18/04/2024 - Permalink

Cabinet approves carbon-saving business innovation

Related topics: Assets and estates / Climate change / environment / Finance and budget / Partner organisations

Shropshire Council’s Cabinet yesterday (Wednesday 17 April 2024) (in exempt session) approved a new business proposal that will see the council owning 50 per cent of a specialist pyrolysis company established to help offset carbon emissions and to sell ‘credits’ on the open market.

Cabinet members agreed a plan to create a strategic partnership with a local biochar company, to establish a new Special Purpose Vehicle (SPV) that will operate a pyrolysis plant near Welshpool. The agreement is the first of its kind for any council in the UK.

The pyrolysis plant will use proprietary technology to produce biochar from various feedstocks, such as wood waste, straw and manure. Biochar is a charcoal-like substance that can be used as a soil enhancer, a carbon-negative additive to materials like asphalt and concrete, and an air or water filter for various pollutants – just like activated charcoal. In all cases it acts as a carbon sequestration agent.

The biochar project will also generate Carbon Offset Removal Certificates (CORCs) that certify the amount of carbon dioxide removed from the atmosphere by the biochar production process. The SPV will sell the CORCs, estimated to be 8,000 tonnes over five years, on the open market via the international Puro.earth platform.

The council will acquire a 50% ownership in the SPV, which will generate an estimated annual gross profit of £133,333 from the sale of biochar.

Ian Nellins, Shropshire Council’s Cabinet member for climate change, environment and transport, said:-

“The biochar project is an innovative and sustainable way to reduce net carbon emissions and create value from waste. It is a collaborative and cross-border initiative that supports local businesses and communities.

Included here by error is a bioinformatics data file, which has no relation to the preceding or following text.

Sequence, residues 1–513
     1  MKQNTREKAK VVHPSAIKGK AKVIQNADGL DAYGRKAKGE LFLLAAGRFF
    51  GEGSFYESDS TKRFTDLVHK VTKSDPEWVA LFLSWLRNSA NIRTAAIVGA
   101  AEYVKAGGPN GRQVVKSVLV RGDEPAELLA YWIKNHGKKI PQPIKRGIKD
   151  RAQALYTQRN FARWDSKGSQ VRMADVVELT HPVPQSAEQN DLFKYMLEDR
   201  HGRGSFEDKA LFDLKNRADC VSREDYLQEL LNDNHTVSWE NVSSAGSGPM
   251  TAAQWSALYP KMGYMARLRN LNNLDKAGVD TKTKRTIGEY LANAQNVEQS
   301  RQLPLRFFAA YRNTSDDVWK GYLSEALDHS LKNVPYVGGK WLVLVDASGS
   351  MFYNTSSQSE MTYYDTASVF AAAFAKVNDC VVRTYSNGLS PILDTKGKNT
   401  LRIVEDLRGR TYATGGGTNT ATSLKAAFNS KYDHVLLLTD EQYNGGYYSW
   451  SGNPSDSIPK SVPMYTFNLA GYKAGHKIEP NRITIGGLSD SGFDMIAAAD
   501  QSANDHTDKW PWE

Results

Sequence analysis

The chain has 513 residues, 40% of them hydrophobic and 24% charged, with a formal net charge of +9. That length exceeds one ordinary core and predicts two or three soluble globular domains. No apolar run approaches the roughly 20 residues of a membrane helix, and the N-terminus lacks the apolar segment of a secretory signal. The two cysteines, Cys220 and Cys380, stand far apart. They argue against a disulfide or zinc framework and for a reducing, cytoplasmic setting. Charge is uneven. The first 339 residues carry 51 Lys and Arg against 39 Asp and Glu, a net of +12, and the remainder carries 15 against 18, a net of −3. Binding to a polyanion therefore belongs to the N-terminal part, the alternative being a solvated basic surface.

“We would be the first council in the UK to do this, but it is a scalable and replicable model that can be applied to other locations and has already attracted interest from other councils in the UK and companies internationally.”

Dean Carroll, Shropshire Council’s Cabinet member for housing and assets, said:-

“Shropshire Council will be the first council in the UK to develop a pyrolysis unit for biochar with private business to sequester carbon. The joint venture will build a pyrolysis biochar demonstration plant across the border in Powys, in the Marches Forward Partnership area. The SPV will be named Biodynamic Carbon Ltd, and drawing on the expertise and existing infrastructure of our business partner we would expect to see the unit up and running by August this year.”

In September 2023 Shropshire Council approved investment of £2m into a Biochar from Pyrolysis programme to identify a site and develop a unit in Shropshire.

Dean Carroll said at the time:-

“Developing a pyrolysis plant which runs off self-generated clean energy and creates biochar would certainly give Shropshire the edge and would put us in a uniquely pioneering situation.”

Officers are continuing to work on identifying a site in the county to take the best advantage of the commercial and climate benefits of developing a further demonstrator unit.

Further information

Pyrolysis is the heating of organic matter at high temperatures, without oxygen. It creates gases and oils which can be burned in a generator to produce clean renewable electricity, around 35% of which is used to power the process. It creates biochar, a carbon storing form of charcoal, that has many uses and is considered to be of great benefit environmentally.

Biochar is most commonly used on land, where it improves the soil, helps reduce drought stress for crops, and stores carbon that was formerly carbon dioxide in the atmosphere. It can also help reduce pollutants like agricultural pesticides and fertilisers from getting into rivers.